In June of 2020, faculty and staff at Berkeley Journalism formed an Anti-Racism Working Group (ARWG) focusing on five focus areas based on the NABJ’s Action Items and communication from students and alumni. The working group's goal was to respond with urgency to meet and develop serious and meaningful plans in response to action items and communication , and build on the momentum of this national uprising to make meaningful changes in addressing systemic anti-Black and other forms of racism within Berkeley Journalism. On July 15, 2020, the ARWG submitted recommendations to the Interim Dean Geeta Anand and opportunities for the Berkeley Journalism community to provide feedback and input to the recommendations were created .
In September 2020, Interim Dean Geeta Anand shared with the community How Berkeley Journalism Intends to Address Systemic Racism in Our School and in Our Profession, a plan based on the recommendations and feedback. The Steering Committee, comprised of the Working Group facilitators as well as alumni and student volunteers, held its first meeting on September 11, 2020, and will continue to meet every two weeks to hold the school accountable for implementing this plan.
As we undertake this work together, we call upon the Berkeley Journalism community to reaffirm the principles of community and dialogue, pledging, among other things, that “we won’t demean, devalue or ‘put down’ people for their experiences, lack of experiences, or differences in interpretation of those experiences."
This site provides information on our plan and progress. If you have any questions about the information contained in this site, please contact Tracy Pascua Dea, Senior Director of Student Services or Annette Garcia, Senior Assistant Dean.
How Berkeley Journalism Intends to Address Systemic Racism in Our School and in Our Profession
We have put together a proposed Anti-Racism Plan, How Berkeley Journalism Intends to Address Systemic Racism in Our School and in Our Profession, based on the recommendations of the five working groups that met over the summer and the feedback we received from our community, including the NABJ, other students, and alumni. Our steering committee, comprised of the working group facilitators as well as alumni and student volunteers, held its first meeting on September 11, 2020, and will continue to meet every two weeks to hold the school accountable for implementing this plan.
Our plan has seven priority areas:
DIVERSIFICATION OF FACULTY, LECTURERS, STAFF AND STUDENTS
INCREASE STUDENT FUNDING AND STUDENT SUPPORT
DIVERSIFY CURRICULUM AND LEARNING OPPORTUNITIES
EMPHASIZE DIVERSITY, EQUITY AND INCLUSION IN EXTRACURRICULAR AND PUBLIC-FACING ACTIVITIES
CULTURE AND CLIMATE
COMMUNICATION AND TRANSPARENCY
The full plan can be read here - How Berkeley Journalism Intends to Address Systemic Racism in Our School and in Our Profession.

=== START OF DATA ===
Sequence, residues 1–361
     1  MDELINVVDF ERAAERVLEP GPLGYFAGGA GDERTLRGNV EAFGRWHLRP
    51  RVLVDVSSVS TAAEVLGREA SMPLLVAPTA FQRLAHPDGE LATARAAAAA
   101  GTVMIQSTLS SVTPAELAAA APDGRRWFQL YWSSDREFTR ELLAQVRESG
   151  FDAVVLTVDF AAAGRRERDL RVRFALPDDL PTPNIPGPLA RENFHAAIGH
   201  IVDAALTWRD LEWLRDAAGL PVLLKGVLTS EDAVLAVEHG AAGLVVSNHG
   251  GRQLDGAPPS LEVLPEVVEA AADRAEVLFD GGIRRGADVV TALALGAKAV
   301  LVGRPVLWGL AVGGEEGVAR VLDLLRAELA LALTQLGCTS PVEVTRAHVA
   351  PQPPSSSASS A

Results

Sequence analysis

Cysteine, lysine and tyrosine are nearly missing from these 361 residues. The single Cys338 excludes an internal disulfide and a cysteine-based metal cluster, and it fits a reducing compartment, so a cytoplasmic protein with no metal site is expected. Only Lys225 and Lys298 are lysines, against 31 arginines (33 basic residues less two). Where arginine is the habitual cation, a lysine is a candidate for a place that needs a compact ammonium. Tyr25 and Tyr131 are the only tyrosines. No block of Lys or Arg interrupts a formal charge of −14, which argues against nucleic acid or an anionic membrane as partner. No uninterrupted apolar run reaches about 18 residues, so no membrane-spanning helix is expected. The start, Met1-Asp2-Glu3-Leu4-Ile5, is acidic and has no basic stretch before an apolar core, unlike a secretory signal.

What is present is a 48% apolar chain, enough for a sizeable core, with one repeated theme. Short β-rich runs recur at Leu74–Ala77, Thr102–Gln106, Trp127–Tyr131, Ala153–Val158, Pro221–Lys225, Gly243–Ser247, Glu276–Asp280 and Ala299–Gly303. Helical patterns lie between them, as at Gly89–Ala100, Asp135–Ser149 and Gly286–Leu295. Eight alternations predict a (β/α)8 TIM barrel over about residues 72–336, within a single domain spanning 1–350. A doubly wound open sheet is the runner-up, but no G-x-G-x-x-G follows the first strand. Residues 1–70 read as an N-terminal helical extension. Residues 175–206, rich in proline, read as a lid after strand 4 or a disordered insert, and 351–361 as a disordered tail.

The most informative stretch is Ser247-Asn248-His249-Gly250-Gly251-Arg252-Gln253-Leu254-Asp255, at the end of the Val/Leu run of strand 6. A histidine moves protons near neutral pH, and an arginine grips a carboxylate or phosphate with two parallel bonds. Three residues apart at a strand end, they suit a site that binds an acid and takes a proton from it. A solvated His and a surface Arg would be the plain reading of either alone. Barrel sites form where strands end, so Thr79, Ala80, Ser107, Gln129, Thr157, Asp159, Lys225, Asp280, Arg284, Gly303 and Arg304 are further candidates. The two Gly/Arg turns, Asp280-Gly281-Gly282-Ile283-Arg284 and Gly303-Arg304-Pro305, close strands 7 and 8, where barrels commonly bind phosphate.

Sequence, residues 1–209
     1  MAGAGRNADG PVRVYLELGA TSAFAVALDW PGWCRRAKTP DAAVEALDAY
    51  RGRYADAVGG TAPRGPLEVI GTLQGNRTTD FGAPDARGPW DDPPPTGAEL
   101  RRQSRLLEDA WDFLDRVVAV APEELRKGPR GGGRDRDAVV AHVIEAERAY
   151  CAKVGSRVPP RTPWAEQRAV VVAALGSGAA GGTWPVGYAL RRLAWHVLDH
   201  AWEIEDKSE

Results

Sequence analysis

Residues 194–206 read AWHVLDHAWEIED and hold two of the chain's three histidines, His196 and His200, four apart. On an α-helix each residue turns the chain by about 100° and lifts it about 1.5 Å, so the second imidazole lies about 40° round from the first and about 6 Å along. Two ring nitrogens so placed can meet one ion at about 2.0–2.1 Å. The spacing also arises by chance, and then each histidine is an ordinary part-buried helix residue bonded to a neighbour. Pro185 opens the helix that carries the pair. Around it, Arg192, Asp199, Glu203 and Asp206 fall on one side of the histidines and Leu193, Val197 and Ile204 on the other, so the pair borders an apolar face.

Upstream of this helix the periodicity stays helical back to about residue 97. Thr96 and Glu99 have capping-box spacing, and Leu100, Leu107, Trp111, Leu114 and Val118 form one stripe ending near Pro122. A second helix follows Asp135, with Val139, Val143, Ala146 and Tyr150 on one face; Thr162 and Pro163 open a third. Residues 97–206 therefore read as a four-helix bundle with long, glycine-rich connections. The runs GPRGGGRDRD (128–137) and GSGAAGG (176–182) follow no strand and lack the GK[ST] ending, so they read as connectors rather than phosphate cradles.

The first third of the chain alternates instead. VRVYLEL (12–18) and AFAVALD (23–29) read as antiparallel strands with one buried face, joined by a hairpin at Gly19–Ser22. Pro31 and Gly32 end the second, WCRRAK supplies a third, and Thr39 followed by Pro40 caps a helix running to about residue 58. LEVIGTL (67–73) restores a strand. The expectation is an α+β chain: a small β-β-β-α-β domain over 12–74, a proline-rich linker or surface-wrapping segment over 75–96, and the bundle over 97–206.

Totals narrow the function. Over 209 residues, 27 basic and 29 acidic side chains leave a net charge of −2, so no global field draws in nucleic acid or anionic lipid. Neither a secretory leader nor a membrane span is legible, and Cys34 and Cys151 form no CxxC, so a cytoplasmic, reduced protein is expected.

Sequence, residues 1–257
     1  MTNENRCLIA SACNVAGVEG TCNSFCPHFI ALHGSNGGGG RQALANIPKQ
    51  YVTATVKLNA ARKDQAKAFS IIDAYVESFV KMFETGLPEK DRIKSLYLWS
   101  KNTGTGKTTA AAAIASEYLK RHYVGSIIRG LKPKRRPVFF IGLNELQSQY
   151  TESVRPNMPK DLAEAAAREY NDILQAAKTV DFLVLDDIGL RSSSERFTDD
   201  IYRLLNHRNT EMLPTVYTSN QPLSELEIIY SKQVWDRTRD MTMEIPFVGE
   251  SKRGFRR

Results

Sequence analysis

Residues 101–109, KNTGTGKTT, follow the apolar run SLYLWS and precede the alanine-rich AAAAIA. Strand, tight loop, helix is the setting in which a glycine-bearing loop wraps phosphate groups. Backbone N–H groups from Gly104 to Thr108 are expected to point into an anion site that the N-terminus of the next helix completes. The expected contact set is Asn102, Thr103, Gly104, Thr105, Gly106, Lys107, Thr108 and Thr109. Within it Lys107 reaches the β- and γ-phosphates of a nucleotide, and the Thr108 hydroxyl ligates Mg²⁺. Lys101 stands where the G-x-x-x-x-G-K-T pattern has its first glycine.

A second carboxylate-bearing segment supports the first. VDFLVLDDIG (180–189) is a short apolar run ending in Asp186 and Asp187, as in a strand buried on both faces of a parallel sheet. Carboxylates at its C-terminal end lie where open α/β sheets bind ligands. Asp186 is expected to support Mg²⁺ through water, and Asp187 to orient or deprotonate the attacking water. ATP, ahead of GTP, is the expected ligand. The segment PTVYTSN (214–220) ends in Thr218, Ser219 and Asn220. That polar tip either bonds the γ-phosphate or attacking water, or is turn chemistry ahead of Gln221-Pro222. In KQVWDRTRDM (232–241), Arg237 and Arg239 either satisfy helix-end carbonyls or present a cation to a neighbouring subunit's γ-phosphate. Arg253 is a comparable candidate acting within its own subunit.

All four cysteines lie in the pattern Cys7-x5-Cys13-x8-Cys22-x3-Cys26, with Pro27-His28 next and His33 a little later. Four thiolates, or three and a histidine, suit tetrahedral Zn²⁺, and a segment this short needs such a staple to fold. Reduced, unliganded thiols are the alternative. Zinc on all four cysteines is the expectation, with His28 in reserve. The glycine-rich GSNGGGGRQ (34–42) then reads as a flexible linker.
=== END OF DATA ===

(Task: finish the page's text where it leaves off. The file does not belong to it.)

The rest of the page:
As the Steering Committee reviews each of the seven priority areas, progress and updates will be documented here. The seven areas include 45+ action items that range from short-term (fall 2020), medium-term (2020-2021), and long-term (1 year+) implementation. While many action items can be completed fully others may be continuous and ongoing. In addition, our work towards being an anti-racist organization should be ongoing. Progress on any of the action items is designated as: not yet started (1%), started (25%), significant progress made (75%), and completed (100%).
The Steering Committee initially consisted of the focus area facilitators. In July, we sought to include alumni and current students to join the Steering Committee. The Steering Committee had its first meeting on September 11, 2020 and will continue to meet every two weeks to hold the school accountable for implementing our plan. Timely updates will be provided to the community on the progress.
Here are the individuals involved in the Steering Committee:
- Geeta Anand
- Deirdre English
- Annette Garcia
- Skyler Glover ‘21
- Koci Hernandez
- Daniel Lempres ‘21
- Ken Light
- Mark Luckie ‘07
- Ashley Omoma ‘20
- Tracy Pascua Dea
- Betsy Rate
- Ande Richards ‘22
- Jeff Rhode
- Topher Routh
- Jeremy Rue
- Garrett Therolf
- David Thigpen
Below are a list of upcoming events and webinars, recorded videos, readings, and other resources to continue your personal and professional learning and development. Like all learning, it must be continuous in order to build and strengthen your knowledge, skills, awareness, and behaviors that contribute to being an anti-racist, equity-focused, and inclusive individual.
Sean Darling Hammond and Perfecta Oxholm will conduct a two-stage, immersive anti-bias training.
The first two parts of the series of trainings will be held for our community as a whole on these two dates Friday, October 23, 12–2 pm and Friday, October 30, 12–2 pm.
This training will help us develop a shared understanding of cognitive and systemic bias which will help us strengthen our community. It will also provide insights into how bias manifests in the field of journalism and introduce us to strategies for overcoming the influence of bias in our profession. Finally, and most importantly, it will provide deep, structured practice with anti-bias tools which, we hope, will strengthen relationships throughout the School, and deepen our commitment to becoming a truly anti-racist and anti-bias organization.
About The Facilitators